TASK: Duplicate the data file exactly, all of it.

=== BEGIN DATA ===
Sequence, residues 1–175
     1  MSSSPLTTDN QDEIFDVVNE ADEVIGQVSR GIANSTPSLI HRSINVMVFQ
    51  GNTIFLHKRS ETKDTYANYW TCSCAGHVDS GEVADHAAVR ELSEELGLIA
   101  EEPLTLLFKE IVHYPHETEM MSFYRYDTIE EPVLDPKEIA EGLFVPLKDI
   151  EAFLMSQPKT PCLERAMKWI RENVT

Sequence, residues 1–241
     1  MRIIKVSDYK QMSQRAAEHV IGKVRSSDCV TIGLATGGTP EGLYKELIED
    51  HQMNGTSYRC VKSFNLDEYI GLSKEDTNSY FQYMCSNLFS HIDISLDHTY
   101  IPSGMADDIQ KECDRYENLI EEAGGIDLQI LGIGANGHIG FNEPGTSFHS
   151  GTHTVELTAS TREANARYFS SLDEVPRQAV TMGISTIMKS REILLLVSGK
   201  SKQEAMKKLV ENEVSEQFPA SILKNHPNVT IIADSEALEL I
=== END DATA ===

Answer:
Sequence, residues 1–175
     1  MSSSPLTTDN QDEIFDVVNE ADEVIGQVSR GIANSTPSLI HRSINVMVFQ
    51  GNTIFLHKRS ETKDTYANYW TCSCAGHVDS GEVADHAAVR ELSEELGLIA
   101  EEPLTLLFKE IVHYPHETEM MSFYRYDTIE EPVLDPKEIA EGLFVPLKDI
   151  EAFLMSQPKT PCLERAMKWI RENVT

Sequence, residues 1–241
     1  MRIIKVSDYK QMSQRAAEHV IGKVRSSDCV TIGLATGGTP EGLYKELIED
    51  HQMNGTSYRC VKSFNLDEYI GLSKEDTNSY FQYMCSNLFS HIDISLDHTY
   101  IPSGMADDIQ KECDRYENLI EEAGGIDLQI LGIGANGHIG FNEPGTSFHS
   151  GTHTVELTAS TREANARYFS SLDEVPRQAV TMGISTIMKS REILLLVSGK
   201  SKQEAMKKLV ENEVSEQFPA SILKNHPNVT IIADSEALEL I